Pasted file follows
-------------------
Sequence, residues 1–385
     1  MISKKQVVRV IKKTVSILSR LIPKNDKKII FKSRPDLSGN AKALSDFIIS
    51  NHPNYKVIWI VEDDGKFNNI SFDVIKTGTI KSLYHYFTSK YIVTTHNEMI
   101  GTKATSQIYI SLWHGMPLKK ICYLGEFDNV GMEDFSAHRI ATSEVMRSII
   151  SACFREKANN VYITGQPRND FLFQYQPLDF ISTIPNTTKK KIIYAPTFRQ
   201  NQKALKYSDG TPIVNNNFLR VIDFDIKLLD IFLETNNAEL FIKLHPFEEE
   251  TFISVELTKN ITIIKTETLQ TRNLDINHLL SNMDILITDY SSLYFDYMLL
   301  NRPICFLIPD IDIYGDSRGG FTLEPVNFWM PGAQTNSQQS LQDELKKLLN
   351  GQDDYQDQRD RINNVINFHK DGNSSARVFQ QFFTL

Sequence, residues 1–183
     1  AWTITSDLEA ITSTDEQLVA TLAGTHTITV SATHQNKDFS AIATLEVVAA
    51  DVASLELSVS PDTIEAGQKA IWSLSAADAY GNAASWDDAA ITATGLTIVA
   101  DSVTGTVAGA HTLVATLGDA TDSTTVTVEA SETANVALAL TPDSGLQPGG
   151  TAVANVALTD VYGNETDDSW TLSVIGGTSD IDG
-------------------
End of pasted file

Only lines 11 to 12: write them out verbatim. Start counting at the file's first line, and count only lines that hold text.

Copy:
     1  AWTITSDLEA ITSTDEQLVA TLAGTHTITV SATHQNKDFS AIATLEVVAA
    51  DVASLELSVS PDTIEAGQKA IWSLSAADAY GNAASWDDAA ITATGLTIVA